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I am exploring the possibilities of a banking mobile HTML5 application. It will be contacting with the main server via RESTful API. Very often I hear that people are using OAuth in their mobile apps to access APIs. For example, SpringSource's html5expense demo app.

So I don't fully understand why bother? Couldn't the user just login in a standard way, receive a cookie with session id (or in case of Play framework, session data), that will be used to identify user when the app makes requests to REST?

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2 Answers 2

Oauth is usually a lot more secure than most BASIC AUTH, or "logging in in a standard way" approaches (and OAuth is becoming more and more of a standard).

When you login, through most "standard" ways, the user enters his username & password, into the application, and username/password are then often either stored locally, or transferred to the application, to then potentially be relayed to a "main server" that for example provides the API. So the user will have to enter his very secret login information (e.g. for banking?), into a client, app or system he doesn't know or trust...

With OAuth, the user is directed to a login page of the owner of that API .. e.g. his bank for example, where he logs into the secure login page that he knows and is asked for his consent that the application "xyz" would like to access his data.... The application that has requested that access, is then given a token with which it can access the API without needing to know the username and password. That way the username/password is only entered once, at a location the user trusts.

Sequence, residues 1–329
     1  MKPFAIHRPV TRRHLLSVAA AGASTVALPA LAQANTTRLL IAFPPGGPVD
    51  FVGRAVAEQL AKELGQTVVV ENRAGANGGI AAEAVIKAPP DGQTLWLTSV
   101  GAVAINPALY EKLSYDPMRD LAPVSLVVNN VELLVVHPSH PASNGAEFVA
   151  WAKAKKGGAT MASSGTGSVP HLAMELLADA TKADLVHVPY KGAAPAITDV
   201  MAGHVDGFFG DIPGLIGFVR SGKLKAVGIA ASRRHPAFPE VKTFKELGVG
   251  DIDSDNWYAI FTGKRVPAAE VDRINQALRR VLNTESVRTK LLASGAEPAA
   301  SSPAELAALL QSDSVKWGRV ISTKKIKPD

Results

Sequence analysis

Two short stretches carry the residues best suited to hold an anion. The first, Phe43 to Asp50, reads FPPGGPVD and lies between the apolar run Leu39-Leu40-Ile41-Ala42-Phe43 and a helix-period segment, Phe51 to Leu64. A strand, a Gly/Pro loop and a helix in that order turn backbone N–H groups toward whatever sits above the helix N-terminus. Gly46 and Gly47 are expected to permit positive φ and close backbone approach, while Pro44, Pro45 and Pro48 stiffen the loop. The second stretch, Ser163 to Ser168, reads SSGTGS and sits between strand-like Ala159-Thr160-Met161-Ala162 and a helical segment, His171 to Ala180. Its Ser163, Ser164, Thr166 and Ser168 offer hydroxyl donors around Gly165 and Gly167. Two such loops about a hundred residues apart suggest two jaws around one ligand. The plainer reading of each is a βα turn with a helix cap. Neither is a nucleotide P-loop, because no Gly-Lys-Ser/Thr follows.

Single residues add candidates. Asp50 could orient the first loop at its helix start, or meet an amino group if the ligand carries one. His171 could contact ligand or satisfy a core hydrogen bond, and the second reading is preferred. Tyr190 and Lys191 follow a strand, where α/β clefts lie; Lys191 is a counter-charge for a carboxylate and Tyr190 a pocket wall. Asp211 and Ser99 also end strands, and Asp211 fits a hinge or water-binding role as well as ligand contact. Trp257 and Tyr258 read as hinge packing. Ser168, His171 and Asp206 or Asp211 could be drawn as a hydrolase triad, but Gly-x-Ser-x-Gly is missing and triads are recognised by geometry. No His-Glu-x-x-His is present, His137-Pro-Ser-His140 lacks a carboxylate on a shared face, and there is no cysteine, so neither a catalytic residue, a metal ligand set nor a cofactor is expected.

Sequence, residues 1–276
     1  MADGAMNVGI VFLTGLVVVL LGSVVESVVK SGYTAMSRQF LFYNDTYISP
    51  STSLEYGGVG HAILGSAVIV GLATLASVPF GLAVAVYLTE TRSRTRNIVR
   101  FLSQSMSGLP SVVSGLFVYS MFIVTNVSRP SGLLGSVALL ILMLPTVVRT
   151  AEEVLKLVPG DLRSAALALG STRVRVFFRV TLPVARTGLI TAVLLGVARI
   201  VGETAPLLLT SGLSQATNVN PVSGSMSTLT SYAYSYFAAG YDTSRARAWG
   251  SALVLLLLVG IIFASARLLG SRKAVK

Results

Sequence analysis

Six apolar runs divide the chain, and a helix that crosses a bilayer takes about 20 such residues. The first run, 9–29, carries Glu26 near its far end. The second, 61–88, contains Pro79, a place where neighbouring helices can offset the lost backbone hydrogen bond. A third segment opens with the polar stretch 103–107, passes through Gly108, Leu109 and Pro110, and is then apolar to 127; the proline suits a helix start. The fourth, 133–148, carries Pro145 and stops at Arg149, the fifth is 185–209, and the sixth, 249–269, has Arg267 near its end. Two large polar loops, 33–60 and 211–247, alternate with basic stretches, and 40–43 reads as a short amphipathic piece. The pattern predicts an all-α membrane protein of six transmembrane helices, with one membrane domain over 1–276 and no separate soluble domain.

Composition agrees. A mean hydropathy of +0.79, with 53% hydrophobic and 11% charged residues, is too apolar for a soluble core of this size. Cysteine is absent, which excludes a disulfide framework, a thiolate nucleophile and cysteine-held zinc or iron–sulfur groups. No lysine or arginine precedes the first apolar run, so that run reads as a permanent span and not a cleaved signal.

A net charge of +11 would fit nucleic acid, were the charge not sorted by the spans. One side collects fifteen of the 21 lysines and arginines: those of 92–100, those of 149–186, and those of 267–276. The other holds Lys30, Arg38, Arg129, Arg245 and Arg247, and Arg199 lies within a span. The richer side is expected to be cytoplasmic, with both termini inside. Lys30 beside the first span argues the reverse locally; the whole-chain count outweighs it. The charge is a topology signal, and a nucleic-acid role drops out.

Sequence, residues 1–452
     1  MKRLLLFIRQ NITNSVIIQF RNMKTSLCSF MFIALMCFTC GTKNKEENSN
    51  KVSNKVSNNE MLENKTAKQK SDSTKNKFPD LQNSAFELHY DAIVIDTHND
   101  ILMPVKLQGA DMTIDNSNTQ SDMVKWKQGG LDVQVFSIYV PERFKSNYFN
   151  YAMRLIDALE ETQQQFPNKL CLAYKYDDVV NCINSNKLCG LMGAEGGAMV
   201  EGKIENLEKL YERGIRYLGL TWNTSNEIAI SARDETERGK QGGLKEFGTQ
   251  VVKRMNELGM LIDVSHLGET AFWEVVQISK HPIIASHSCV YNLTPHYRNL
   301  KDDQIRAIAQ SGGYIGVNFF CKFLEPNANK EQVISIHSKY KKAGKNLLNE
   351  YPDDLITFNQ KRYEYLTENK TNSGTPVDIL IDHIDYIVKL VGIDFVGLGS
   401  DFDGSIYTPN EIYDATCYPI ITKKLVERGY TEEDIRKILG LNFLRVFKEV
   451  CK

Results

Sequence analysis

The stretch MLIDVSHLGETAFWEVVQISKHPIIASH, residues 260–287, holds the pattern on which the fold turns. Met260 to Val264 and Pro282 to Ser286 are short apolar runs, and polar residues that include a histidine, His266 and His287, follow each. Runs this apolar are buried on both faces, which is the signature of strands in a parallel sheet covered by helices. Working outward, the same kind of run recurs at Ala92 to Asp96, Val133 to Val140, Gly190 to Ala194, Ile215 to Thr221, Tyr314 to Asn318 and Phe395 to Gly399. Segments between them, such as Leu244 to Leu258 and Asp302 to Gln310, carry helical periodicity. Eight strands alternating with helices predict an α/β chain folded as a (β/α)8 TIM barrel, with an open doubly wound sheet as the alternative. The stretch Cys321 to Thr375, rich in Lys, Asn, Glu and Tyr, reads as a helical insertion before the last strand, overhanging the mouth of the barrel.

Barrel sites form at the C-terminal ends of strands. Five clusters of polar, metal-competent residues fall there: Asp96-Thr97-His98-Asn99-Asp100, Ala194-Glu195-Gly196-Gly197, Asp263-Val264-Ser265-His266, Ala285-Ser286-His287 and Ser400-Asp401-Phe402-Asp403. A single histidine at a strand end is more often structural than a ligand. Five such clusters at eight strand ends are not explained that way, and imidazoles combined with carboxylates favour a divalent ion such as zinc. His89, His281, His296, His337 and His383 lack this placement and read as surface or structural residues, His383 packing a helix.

Furthermore, the user could later log into and admit page .. (the bank app? or and admin frontend), and delete the given access right to the API, and so stop an application accessing his information, without having to change his password.

Beyond the effect of being actually safe, using something like OAuth, for a banking app also makes sense as it will give people more confidence if modern security techniques are applied. It makes it also feel safer.

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If you are not going to publish your API to third party developers; there really is no reason to bother with OAuth.

The biggest reason OAuth exists is to enable integrations with your API without your users having to give out their username and password to a third party. Other reasons is that it makes it possible to put a time frame on third party access to resources, or to scope access.

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